An alternative that I found useful was to backup my entire home directory on WSL (/home/<wsl-username>) and Windows home directory (/mnt/c/Users/<windows-username>) using borgbackup to an external drive. For the windows user directory I also exclude /mnt/c/Users/<windows-username>/AppData/Local. The advantage of using borgbackup is that it compresses and deduplicates the files it backs up, resulting in a smaller backup file. I can also mount a particular backup checkpoint as part of the filesystem, so it can serve as a coarse version control system, even for those files I didn’t intend to version.


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I wrote a blogpost on Installing Python packages and setting a proper environment for Datascience. This is based on notes I had written while attending Fastai walk-thrus session conducted by Jeremy on Introduction to the terminal. How to install Python and libraries. Do check it out:


Hi, everyone. This walkthrough is exactly what I need. I have no coding experience, and used fastai as a springboard to learn Python, Linux, etc. It’s been a tough slog, if I’m being honest. It’s often the issues not pertaining to fastai specifically that slow me down.

Over time, I’ve installed a Ubuntu distribution and created several virtual environments to work in using a full Anaconda distro. I’ve taken several data science courses from Coursera. These are often old and need specific environments to work. I’ve also had to apt-get some things into the system to get them to work. So now I have an (older) Unbuntu version with several environments and system versions of things like Python and Jupyter notebooks. Watching the walkthrough, I notice that Jeremy is encouraging a “fresh” environment with new installs for Python, Jupyter, mamba, etc. I’m updating to Windows 11 now, and I could uninstall and reinstall Ubuntu, but I’m concerned that I’ll make my older files unworkable. It’s not the end of the world to lose them, but I’d prefer not to.

Long way of asking whether there is a way to create the “fresh” environment with all of the versions of everything that Jeremy recommends (especially at the level of the shell) without losing the functionality of what I have? I had the idea of creating a new user on Ubuntu. Will that solve the problem, or does it maintain the same installations of, for example, anaconda on Ubuntu?

The other choice is to copy the files, uninstall and reinstall Ubuntu using Windows 11, and start fresh. I’ll lose some of the functionality but I have the notes which is most important. It just really seems inelegant.

Sorry if this question is basic. I’ve read through the other comments here and if they answer my question I’m not recognizing it.

This is an incredible course and resource. I hope to join you in person for these walkthroughs at some point, but timing is always hard…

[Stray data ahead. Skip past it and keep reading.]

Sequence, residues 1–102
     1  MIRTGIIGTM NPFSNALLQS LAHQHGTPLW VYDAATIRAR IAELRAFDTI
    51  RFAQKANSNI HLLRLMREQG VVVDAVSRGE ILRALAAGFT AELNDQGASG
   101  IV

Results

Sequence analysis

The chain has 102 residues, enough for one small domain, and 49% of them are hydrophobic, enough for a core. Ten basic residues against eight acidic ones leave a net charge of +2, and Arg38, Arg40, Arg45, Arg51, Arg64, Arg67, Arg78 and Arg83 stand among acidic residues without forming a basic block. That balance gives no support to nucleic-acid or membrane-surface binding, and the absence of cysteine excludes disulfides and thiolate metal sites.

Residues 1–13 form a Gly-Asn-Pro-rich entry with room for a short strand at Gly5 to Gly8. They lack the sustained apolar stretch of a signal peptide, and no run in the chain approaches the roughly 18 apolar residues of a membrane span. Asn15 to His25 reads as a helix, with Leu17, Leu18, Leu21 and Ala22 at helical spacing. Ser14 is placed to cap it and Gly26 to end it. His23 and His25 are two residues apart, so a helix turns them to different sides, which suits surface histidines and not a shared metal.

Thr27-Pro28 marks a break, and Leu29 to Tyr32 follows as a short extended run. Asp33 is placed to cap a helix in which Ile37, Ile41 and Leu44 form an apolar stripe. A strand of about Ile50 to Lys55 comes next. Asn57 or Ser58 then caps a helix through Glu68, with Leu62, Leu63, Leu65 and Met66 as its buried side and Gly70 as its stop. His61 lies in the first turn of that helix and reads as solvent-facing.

Just watched a bit further. Looks like removing anaconda directory will do the trick, followed by installing mamba? It won’t change the system files in Ubuntu but I guess that doesn’t matter?

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You may find these useful…


Hi Mark, it depends what kind of Ubuntu environment you currently have. Is it Ubuntu on an actual machine? or Ubuntu in a WSL install in windows. If it’s an actual machine you could try to make an ISO out of your ubuntu install and then just restore it to a virtualbox VM. If it’s WSL based, then you could probably look into what @bencoman suggested.

BTW, if you go the WSL route on windows11, just note that you can have multiple versions (“Images”?) of Ubuntu running on WSL. So you could probably import your older image into an Ubuntu version on your new machine’s WSL and then create another brand new WSL based Ubuntu environment where you can follow Jeremy’s walkthroughs.

Personally, I’m a serial course taker myself, and like you mentioned, those environments can get old because they use older versions of everything … so, I periodically go through these old directories and find that most of that stuff is not that useful to me. The only thing that’s useful is the code that I wrote and use git to keep a copy of that anyway. In your case, you might just want to run multiple Ubuntu instances and port your older ubuntu to your new Win11+WSL and then use another Ubuntu install for fastai 2022 stuff.

All the best!

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Thanks @mike.moloch and @bencoman.

I am using WSL.

I used your tips to create an image of Ubuntu, then deleted and reinstalled. The files are really just Jupyter notebooks with my own notes in them and will mostly work fine with the new install as long as I don’t try to run actual code. They’re more my “notes”. Not really appropriate for github since they are Coursera’s notebooks.

Actually had to still do a manual install of Ubuntu despite upgrading to Windows 11 and deleting old version. Did everything Jeremy did, but still didn’t quite work. Nothing ever seems to go exactly right with Linux, packages, etc. That’s why this walkthrough is really valuable for me.

Really appreciate the help.